Market Highlights For March 2024

  • 5% fewer homes sold in Greater Vancouver compared to March 2023
  • 15% more homes were listed for sale compared to March 2023
  • Spring Break turned into a real estate break
  • Burnaby North sees a surge in new condo listings

Spring break took some of the life out of the real estate market this year, especially with Easter on the end. At the mid-point of the month, there were 3,000 new listings which was on target to bring on 6,000 for the first time since the spring of 2022. With only 5,112 at the end of March, it appears a break was indeed what many took. That 6,000 number could come in April though as this pent-up real estate market continues to simmer with many waiting to act. Buyers were also more absent in the last half as the month finished with 2,415 sales – down from the 2,535 sales in March 2023. At the mid-point of March, there were 1,300 sales, the last half decline was evident in the final numbers. Expect buyers and sellers to get back to the market with more urgency with April upon us.

The wait continues for the next Bank of Canada announcement on April 10th which will yield no changes to their rate which affects variable rate mortgages. It will be the tone of the announcement that will play into how the market reacts. With June or July being the first potential rate cut according to many economists, the tone from the Bank of Canada will continue to be the most important part of the announcements. Economic data on inflation and the health of the economy play into the Bank of Canada’s decision on changes to their rate. Signs had been pointing to a rate cut sooner rather than later but with the Canadian GDP showing stronger numbers in February, that may not rush a decision to lower rates. With revised inflation and economic forecasts coming at the April meeting, we’ll get a better sense of when rates will start to come down.

On April 16 the federal government will release their annual budget. What housing initiatives will come with that budget this year? The Liberal Government has already come out talking about launching a renter’s bill of rights. With housing continually on the minds of government right now and without any recent government policies showing any ability to tame the market, it will be interesting to see if anything else comes from this budget. The provincial government announced its much talked about anti-flipping tax during their budget this year as governments continue their assault on demand. And this week, the NDP government in B.C. strengthened restrictions on landlord use of property evictions. With more than one million people coming to Canada in each of the last two years, supply is where the focus needs to be. With recent reports stating that 741,000 new homes are needed each year through 2030, and with just 223,000 housings starts in 2023, recent government policy only serves to decrease supply and limit investor involvement. And without that capital, less homes will be built for renters and owners.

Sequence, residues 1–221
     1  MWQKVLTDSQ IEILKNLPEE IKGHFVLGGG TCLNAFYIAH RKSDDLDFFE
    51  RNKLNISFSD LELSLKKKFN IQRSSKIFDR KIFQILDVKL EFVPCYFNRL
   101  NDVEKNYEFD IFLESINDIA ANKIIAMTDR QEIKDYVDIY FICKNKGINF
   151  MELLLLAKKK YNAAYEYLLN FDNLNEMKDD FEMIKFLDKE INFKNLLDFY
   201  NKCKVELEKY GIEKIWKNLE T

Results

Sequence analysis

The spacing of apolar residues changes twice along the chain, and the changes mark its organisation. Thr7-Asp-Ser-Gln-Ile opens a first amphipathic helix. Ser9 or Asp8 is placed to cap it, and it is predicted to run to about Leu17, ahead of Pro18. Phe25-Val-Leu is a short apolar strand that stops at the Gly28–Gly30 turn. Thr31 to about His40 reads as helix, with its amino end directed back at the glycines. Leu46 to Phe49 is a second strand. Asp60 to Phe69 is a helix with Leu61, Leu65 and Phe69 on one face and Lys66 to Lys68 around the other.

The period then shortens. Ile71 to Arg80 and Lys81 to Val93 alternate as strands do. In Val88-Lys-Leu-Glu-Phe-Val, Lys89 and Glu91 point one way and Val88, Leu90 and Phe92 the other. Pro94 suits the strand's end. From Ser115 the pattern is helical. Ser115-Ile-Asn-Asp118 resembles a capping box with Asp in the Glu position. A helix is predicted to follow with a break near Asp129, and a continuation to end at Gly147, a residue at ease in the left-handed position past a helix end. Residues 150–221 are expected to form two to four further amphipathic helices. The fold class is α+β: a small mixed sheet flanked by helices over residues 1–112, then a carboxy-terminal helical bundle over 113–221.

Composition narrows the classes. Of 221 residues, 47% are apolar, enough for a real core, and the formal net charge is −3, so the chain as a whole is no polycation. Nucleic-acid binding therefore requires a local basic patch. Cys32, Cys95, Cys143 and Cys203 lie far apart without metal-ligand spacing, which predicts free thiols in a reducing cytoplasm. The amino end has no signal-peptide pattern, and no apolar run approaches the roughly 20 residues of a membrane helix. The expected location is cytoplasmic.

There were 2,415 properties sold in Greater Vancouver in March after seeing 2,070 properties sold in February, and 1,427 properties sold in January this year. This was a 5% decrease from the 2,535 properties sold last year in March. After the first quarter of 2024, sales are up 9.7% compared to the first 3 months of 2023. With Easter at the end of spring break this year, the effects from the school break were felt to a greater degree. Both sales and new listings fell back after mid-month with buyers and sellers focussed on other things. Since the middle of February, the number of sales per day have been consistent rising from 116 in the latter half of February to 120 per day in March. Albeit not quite the increase you’d expect in a spring market.

With March sales down from last year, this translated into sales being 30% below the 10-year-average after they were 23% below the 10-year-average in February, and 22% below the 10-year average in January. With demand still showing signs of waiting for rate changes in buyers’ favour, activity levels are on the lower side still. While multiple offers are occurring in the marketplace, it’s very much dependent on how many are listed around it, where the property is and how it is priced. Detached homes and townhomes are the most popular and shortest in supply, so it’s not surprising to see multiple offers occurring more so with those segments. April could see more buyers focus on the market with spring break and Easter out of the way, and a closer path to interest rates coming down – if the economy cooperates.